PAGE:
The theme, as told by Ovid in his Metamorphoses (VIII:183–235), was a rare one in Caravaggesque painting the seventeenth century. Benedict Nicolson, in his 1979 comprehensive survey of Caravaggesque painting, lists only two treatments of this subject: the present painting, and another composition by Orazio Riminaldi.1 A comparison with paintings by Nicolas Tournier from his Roman period reveals marked similarities in style and handling, although these are, hitherto, insufficient to justify a convincing attribution to him.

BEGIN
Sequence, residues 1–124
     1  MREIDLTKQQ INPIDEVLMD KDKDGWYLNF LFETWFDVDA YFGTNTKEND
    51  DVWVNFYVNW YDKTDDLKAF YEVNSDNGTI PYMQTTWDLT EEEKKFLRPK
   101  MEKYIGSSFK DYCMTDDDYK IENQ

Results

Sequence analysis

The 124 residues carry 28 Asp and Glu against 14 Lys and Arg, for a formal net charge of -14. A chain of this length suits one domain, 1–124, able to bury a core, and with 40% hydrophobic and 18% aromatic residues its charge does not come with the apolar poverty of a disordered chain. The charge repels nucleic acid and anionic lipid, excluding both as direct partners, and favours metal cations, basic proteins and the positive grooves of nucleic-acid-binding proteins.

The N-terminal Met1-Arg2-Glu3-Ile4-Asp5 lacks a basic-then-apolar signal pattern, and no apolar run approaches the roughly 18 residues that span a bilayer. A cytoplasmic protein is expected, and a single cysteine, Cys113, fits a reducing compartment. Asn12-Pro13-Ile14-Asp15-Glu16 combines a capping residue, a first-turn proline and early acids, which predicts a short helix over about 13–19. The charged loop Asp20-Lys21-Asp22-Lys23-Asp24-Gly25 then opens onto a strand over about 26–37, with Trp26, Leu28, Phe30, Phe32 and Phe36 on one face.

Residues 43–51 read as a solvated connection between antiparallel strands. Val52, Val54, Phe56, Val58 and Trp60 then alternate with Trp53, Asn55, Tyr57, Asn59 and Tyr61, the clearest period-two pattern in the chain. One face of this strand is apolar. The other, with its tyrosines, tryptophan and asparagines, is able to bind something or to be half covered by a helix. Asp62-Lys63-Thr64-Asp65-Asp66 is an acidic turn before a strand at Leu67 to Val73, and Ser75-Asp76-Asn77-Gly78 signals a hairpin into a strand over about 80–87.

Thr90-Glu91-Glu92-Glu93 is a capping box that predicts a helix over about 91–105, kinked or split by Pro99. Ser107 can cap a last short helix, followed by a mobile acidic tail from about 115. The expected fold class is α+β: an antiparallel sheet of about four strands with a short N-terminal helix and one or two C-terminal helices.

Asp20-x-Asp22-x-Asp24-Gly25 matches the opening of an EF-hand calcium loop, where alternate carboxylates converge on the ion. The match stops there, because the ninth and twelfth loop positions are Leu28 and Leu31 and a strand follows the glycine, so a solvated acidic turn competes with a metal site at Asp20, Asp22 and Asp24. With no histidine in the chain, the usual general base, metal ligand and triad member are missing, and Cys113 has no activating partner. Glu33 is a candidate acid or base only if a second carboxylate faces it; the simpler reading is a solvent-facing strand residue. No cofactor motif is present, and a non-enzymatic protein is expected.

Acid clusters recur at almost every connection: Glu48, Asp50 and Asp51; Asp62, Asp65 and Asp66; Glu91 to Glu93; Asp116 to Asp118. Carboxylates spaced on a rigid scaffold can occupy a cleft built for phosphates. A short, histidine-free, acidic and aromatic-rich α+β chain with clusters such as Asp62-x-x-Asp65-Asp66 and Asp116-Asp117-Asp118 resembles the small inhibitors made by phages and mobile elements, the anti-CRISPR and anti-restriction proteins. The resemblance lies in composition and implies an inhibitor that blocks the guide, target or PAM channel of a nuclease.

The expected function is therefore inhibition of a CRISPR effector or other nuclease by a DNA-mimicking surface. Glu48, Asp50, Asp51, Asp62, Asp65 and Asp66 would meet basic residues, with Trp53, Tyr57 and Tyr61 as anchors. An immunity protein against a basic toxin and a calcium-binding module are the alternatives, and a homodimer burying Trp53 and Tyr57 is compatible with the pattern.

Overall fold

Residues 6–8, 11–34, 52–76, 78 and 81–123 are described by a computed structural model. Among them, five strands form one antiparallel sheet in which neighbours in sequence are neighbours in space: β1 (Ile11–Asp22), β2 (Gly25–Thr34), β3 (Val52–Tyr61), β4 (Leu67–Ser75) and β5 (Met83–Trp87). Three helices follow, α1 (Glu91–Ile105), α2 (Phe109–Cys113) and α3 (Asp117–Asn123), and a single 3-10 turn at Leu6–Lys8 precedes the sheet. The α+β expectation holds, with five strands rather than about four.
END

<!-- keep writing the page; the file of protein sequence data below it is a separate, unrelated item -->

1. Now in The Wadsworth Atheneum, Hartford. See P. Carofano and F. Paliaga, Orazio Riminaldi, Soncino 2013, p. 126, cat. no. 14, reproduced p. 81, pl. XVII.
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